Oh my goodness. It is so rare that we see this side of Apollo’s personality. A cheeky toddler. A big, uninhibited smile, radiating joy.
He has struggled so much his whole life. And most of that was with doctors saying he was fine…trying this, try that. Wait, wait, wait. We hope that least now that we know what we’re up against, things will improve.
After the boys crossed over, Apollo came running to me saying, “Me now? Me now? Me now?”
So Chuck helped Apollo salute as he stood on the bridge. It’s hard to know who was more proud…Chuck or Apollo. After saluting, Apollo bravely marched down the other side of the bridge…Only to go right back (this time by himself) and do it again. Over and over, Apollo crossed the bridge. Each time pausing to let his “audience” appreciate his achievement.
You wouldn’t know it from the photos, but Apollo had an infection brewing in his g-tube. He was fussy most of Sunday and Monday…he had a bit of respite on Tuesday at the park and then at the Crossover. By the time we headed home though he was miserable. And his site looked terrible. Red and oozy. The skin around the area was mushy. The tube was sticking out too far. We ended up in the ER for his infection…and were sent home with antibiotics again. Why the ER? There are no pediatric GI doctors in our town, so when there is something urgent, after hours, we have to head there. Not a great system.
Overall, in between crises, I’m thrilled with the g-tube. He is finally getting enough calories. He is growing. On his good days he now has energy to run and play! This fall and winter he became less and less active, until he spent most of his days sitting. Not sitting quietly and contentedly, that’s not his style, but he was too tired to run around like the toddler he is. It happened so slowly it took me a while to realize it was happening at all.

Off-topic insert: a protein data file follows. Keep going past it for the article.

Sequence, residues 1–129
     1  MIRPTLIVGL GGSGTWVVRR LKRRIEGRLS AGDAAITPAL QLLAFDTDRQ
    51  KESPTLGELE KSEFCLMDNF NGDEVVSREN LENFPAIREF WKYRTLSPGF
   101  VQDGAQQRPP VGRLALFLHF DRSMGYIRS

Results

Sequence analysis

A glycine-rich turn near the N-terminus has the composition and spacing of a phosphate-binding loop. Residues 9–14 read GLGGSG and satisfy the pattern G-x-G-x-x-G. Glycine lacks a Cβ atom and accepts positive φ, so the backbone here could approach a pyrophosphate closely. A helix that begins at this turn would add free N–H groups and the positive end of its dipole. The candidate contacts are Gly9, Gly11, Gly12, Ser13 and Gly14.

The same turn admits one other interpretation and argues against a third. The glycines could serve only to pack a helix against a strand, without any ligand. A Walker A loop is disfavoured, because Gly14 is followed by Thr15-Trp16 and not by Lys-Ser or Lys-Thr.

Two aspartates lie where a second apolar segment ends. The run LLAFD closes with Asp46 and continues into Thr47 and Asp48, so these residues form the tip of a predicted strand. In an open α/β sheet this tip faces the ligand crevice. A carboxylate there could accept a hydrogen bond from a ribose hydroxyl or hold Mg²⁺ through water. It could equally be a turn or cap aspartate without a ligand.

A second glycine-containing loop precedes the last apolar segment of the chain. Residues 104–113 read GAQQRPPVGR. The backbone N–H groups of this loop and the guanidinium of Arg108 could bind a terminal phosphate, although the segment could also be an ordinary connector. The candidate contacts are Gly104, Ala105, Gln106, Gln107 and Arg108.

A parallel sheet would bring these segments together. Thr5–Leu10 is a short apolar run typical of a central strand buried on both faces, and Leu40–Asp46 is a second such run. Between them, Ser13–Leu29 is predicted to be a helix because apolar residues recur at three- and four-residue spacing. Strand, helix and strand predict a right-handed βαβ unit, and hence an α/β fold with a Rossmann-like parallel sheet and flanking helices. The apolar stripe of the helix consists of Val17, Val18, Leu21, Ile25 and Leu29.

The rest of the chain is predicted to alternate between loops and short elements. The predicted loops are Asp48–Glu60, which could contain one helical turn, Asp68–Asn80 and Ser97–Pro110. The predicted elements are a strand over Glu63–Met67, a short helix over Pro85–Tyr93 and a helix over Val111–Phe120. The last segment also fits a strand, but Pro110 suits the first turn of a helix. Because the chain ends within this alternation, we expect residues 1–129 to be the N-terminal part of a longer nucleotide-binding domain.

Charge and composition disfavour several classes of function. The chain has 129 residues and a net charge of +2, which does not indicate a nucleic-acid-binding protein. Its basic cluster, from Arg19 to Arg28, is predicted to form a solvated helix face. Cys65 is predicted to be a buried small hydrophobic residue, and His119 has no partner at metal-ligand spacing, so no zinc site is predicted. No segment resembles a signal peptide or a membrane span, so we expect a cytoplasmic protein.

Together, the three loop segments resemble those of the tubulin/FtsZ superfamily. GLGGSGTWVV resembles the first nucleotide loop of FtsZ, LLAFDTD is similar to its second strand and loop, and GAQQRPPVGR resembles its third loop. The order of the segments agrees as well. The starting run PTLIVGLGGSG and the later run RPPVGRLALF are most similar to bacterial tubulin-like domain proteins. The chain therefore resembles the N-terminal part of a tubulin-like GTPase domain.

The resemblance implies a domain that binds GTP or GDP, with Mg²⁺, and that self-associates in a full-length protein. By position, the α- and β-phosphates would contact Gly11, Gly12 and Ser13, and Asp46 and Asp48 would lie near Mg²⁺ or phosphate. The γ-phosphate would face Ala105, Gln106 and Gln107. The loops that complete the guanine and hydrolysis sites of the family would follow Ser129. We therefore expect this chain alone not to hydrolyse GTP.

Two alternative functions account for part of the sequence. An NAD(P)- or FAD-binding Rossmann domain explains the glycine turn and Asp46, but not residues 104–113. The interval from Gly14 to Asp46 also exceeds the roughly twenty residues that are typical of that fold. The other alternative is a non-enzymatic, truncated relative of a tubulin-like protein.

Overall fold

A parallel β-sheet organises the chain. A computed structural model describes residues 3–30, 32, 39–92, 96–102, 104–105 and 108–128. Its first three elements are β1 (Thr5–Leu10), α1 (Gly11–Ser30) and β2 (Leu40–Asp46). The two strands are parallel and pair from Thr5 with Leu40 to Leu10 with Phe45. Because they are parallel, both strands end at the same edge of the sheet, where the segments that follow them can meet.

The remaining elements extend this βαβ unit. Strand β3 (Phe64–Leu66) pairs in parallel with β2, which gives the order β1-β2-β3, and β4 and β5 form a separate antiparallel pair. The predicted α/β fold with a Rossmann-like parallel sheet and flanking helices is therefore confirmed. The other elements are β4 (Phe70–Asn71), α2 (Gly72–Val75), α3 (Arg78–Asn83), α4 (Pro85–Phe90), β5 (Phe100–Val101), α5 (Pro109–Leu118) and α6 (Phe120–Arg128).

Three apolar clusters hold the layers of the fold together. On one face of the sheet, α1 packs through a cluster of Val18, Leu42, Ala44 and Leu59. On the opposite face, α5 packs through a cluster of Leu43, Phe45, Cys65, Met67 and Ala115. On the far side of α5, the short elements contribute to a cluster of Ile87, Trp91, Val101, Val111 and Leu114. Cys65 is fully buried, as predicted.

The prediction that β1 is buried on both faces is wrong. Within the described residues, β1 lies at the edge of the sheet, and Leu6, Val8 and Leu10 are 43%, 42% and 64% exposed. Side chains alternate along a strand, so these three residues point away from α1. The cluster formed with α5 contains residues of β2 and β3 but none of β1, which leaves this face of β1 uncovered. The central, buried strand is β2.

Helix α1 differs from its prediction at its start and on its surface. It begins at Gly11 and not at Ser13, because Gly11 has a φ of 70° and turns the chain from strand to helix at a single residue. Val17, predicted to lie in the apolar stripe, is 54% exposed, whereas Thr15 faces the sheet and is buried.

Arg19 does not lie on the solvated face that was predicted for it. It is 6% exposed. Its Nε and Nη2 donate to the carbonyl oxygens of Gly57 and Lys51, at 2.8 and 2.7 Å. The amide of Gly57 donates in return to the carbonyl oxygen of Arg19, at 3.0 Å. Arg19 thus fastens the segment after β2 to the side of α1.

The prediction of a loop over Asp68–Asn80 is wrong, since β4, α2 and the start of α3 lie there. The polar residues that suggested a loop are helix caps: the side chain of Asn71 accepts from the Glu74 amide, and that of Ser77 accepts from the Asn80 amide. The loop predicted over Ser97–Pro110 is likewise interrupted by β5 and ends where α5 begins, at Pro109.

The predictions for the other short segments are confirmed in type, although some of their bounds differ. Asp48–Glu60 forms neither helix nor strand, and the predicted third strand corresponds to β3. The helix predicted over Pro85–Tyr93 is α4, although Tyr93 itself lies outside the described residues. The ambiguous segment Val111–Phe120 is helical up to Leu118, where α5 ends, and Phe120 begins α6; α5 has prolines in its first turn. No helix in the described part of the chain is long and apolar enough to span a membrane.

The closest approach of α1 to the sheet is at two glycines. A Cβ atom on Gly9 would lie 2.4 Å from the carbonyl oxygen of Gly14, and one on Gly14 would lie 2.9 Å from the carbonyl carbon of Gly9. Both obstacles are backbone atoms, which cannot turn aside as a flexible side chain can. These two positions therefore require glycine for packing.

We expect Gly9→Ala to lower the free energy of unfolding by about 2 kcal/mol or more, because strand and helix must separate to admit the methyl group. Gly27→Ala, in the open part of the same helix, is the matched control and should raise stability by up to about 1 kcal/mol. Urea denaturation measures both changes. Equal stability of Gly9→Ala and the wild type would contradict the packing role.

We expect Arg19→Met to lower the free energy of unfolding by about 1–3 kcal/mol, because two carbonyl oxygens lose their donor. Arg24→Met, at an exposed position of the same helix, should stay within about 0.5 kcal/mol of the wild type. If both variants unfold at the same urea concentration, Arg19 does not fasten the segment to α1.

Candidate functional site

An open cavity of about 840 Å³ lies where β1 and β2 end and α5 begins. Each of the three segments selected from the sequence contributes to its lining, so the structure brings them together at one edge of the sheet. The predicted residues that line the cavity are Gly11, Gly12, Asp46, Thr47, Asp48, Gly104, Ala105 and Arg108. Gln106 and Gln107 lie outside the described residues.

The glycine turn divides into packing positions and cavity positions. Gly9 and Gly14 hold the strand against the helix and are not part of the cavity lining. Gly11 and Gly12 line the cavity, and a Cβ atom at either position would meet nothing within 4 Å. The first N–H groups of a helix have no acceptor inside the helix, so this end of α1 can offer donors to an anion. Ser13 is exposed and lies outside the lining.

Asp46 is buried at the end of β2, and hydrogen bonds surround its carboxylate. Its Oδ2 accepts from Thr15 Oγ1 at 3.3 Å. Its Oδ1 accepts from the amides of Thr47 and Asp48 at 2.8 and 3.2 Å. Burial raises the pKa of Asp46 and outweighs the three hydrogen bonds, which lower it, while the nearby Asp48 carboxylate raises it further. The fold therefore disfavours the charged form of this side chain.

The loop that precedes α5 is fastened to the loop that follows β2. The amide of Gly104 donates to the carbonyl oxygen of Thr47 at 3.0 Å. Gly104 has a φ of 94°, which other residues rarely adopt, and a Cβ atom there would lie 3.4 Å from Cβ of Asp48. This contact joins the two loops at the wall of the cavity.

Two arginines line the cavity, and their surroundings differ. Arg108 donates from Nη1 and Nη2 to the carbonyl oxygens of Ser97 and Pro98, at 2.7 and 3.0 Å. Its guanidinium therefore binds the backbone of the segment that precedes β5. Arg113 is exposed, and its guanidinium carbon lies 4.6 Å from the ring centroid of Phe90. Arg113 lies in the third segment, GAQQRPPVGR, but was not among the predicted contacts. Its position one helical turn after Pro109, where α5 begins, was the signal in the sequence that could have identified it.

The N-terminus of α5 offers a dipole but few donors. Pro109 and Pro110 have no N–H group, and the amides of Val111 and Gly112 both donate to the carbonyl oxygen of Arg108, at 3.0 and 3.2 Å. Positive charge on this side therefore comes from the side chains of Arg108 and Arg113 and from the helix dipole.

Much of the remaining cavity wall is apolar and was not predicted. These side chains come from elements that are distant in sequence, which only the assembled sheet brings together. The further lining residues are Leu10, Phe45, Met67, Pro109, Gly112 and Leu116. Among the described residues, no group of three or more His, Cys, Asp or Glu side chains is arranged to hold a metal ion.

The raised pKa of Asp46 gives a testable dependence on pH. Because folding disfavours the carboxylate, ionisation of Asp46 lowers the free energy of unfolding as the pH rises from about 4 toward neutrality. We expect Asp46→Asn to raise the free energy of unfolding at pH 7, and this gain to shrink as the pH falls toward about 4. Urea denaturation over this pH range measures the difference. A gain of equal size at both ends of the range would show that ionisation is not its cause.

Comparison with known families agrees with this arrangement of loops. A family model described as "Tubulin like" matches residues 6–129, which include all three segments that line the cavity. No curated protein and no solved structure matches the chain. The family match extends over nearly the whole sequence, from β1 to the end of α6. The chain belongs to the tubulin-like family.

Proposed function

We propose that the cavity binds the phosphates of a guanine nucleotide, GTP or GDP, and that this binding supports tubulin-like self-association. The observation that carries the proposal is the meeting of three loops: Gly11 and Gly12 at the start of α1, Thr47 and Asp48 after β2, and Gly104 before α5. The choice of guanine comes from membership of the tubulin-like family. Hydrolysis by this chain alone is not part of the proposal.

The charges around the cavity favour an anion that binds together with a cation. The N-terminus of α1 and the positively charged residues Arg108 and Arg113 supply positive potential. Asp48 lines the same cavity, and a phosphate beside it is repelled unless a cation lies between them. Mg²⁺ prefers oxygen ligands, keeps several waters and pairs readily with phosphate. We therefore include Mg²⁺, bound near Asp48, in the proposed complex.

Now he is so very much more relaxed about food. He eats a little here and there all day long like he did before, but is no longer frantic and upset at mealtimes. His body knows it’s not starving anymore.
On the down side, there is always something with his g-tube at this point. Either it’s leaking, or a port pops open. Or the site is oozy or he has granulation tissue. Or it’s infected. He’s been struggling with diarrhea for weeks now. Perhaps caused by the first round of antibiotics. Or perhaps from too much formula being pumped into his system at once. Who knows?
I have successfully night-weaned Apollo. It’s been 2.5 weeks now. He calls nursing “nurse honey” (it’s a long story). He has learned he doesn’t “nurse honey at night-nights”. He’s not happy about it, but he has learned to get back to sleep without nursing. Step one in eventually sleeping through the night, I hope. Never in my wildest dreams did I ever imagine I’d have a 23 month old still nursing at night and not sleeping through. In the past we’ve managed to help even our most difficult babies sleep through the night.
Apollo is teaching us new lessons all the time.